But in a deal that surprised a lot of fans, the Anaheim Ducks signed Heatley in early July to a one-year contract that will likely have him playing the left-wing spot on the team's top scoring line alongside Ryan Getzlaf and Corey Perry.
"My job is to get in shape and be ready to play with those two guys,” Heatley told reporters.
Had the same signing occurred in 2010, Ducks fans would have been building statues and altars all across California to honor general manager Bob Murray.
However, coming off a season during which Heatley so heavily regressed (28 points, minus-18 in 76 games) that he was at times a healthy scratch in Minnesota, even a low-risk deal isn't sitting well with some of Anaheim's fanbase.
Nevertheless, the argument can and should be made that the Heatley signing is an excellent move for the Ducks as an organization.
It's a shrewd signing by Murray that is likely to pay dividends for a number of reasons—even if Heatley doesn't score 50 goals this year.
Heatley Came Cheap
For a player of Heatley's offensive pedigree—he's posted four 40-plus-goal seasons in his career—he came extremely cheap.
At $1 million for one year, CapGeek.com indicates he's making less than Matt Beleskey and Nate Thompson, who don't have skill or a resume that's even comparable to Heatley's. That's a low-risk investment in a player that still has plenty of offensive upside.
Even if he continues to regress, Anaheim loses little and can simply let him walk after his one-year deal is up.
Perspective on 2 Bad Seasons
Like most major sports, the NHL operates on a "What have you done for me lately?" basis.
In reality, two bad seasons don't erase a decorated offensive career.
If Minnesota was just a bad fit for Heatley, he wouldn't be the first player to play poorly after jumping teams. Teemu Selanne's production dropped significantly during his time in San Jose and Colorado before eventually re-signing with Anaheim.
With a player of Heatley's skill level, it's likelier that he was in a similar situation with the Wild.
If the Ducks are a better fit, he could easily recapture his scoring touch.
Potential with Getzlaf and Perry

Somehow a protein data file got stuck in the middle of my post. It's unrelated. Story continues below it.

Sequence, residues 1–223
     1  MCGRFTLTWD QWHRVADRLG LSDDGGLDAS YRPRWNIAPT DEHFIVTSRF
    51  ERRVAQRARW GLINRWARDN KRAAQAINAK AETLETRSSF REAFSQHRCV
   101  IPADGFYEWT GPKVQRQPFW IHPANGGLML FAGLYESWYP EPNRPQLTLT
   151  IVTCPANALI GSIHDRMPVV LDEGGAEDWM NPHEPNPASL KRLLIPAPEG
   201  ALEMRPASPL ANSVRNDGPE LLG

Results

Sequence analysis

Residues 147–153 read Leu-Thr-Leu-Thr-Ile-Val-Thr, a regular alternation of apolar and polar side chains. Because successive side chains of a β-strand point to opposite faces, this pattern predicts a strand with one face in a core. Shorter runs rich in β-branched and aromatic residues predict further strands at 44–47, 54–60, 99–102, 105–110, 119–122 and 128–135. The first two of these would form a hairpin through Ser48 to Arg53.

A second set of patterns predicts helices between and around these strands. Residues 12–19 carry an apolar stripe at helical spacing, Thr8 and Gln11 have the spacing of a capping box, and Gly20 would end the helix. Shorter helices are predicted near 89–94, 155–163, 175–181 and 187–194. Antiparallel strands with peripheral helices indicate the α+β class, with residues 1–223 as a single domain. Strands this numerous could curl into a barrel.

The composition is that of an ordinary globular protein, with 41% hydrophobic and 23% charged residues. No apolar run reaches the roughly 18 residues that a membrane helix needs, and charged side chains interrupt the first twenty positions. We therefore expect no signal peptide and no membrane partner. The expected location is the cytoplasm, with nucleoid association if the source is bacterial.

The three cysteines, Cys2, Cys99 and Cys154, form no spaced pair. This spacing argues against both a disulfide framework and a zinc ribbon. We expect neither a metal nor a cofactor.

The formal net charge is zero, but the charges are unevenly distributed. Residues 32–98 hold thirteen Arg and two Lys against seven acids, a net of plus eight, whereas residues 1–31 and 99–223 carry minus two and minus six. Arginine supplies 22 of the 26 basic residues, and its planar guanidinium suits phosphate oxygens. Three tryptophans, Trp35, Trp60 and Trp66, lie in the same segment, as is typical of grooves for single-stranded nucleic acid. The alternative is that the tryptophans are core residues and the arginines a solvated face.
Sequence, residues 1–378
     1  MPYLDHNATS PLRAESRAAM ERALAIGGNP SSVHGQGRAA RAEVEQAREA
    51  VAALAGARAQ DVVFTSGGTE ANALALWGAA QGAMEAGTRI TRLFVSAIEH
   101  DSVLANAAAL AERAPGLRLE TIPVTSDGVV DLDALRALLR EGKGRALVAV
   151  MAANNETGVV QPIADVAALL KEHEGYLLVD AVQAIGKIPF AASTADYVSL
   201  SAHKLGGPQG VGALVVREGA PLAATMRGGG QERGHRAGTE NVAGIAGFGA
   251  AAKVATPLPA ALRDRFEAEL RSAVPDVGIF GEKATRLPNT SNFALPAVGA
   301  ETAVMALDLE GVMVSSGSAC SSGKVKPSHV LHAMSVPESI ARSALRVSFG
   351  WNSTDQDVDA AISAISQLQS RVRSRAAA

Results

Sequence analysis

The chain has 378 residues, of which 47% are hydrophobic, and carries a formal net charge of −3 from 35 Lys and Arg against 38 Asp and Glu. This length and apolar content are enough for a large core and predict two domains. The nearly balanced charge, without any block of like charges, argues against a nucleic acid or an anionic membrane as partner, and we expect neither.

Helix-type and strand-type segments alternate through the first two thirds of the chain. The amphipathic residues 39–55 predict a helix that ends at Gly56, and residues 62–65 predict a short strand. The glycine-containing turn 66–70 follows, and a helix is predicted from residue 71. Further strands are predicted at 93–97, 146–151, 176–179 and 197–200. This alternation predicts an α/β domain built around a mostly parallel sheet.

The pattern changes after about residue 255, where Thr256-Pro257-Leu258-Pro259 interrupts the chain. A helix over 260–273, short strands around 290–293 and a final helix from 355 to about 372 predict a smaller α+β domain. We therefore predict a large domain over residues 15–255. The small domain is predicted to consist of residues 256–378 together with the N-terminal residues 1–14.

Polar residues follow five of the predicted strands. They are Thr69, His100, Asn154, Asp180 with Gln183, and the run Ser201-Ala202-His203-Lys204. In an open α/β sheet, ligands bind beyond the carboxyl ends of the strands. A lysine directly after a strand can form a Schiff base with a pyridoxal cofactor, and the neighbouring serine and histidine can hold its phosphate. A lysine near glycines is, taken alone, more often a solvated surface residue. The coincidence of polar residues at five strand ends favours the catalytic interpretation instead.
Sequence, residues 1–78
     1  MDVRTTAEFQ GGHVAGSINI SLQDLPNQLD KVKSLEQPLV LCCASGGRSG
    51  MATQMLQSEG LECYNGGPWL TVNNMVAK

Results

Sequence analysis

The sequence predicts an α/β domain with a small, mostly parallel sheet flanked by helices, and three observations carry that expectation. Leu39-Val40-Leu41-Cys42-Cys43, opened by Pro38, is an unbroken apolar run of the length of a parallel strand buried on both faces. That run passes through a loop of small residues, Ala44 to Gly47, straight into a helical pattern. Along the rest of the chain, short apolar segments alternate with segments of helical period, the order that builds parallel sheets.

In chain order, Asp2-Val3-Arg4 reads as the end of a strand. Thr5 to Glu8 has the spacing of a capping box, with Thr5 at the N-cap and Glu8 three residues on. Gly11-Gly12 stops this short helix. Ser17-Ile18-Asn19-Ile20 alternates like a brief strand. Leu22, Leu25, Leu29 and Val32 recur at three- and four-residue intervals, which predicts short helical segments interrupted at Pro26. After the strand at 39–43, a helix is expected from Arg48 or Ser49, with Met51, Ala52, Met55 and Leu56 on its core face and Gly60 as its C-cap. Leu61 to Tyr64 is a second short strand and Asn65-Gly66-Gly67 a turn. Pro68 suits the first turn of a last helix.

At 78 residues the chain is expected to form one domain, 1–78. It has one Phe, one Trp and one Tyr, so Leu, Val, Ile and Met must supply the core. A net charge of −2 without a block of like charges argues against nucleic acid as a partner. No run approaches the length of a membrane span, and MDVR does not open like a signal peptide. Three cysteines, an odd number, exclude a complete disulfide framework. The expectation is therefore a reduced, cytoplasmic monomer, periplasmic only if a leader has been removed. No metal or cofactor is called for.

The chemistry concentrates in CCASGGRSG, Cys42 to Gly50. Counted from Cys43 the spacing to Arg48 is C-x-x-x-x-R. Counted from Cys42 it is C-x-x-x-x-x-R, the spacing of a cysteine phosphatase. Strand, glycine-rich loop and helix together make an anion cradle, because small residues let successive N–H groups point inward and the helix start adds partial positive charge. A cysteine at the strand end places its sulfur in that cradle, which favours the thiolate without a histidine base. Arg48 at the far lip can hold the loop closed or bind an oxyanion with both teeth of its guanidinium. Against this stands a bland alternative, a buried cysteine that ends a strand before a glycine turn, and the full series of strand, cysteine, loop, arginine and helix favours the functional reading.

That fit will likely come alongside two of hockey's best offensive players in Getzlaf and Perry.
If they can continue to play their power game and cycle the puck in the corners, Heatley could be the type of player they need to get open and make himself available for Getzlaf's strong passing.
Add Perry's disruptive play in front of the net, and you've got a line that would be extremely difficult to defend.
He's Still Young
At 33 years old, Heatley should be in his prime physically—or at least on the tail end of it. That means it's far too early for us to say that he doesn't have anything left to give.
Even the "plenty left in the tank" notion is an odd one to be applying to him right now. That's what you say about players creeping up on 40, not 33. Jaromir Jagr or Sergei Gonchar might have "plenty left in the tank," but Heatley shouldn't be in that conversation yet.
It's premature to assume that he can't turn his career around and get back to at least respectable offensive numbers.
All About Upside
There is simply no way that Anaheim loses when it comes to the Heatley deal.
Murray added a big chunk of offensive upside to the Anaheim roster, and he did so for pocket change in professional sports currency.
He's the reigning GM of the year for a reason, so we can put at least a reasonable amount of trust in his judgment and hope for the best Heatley has left to come out in a Ducks uniform.
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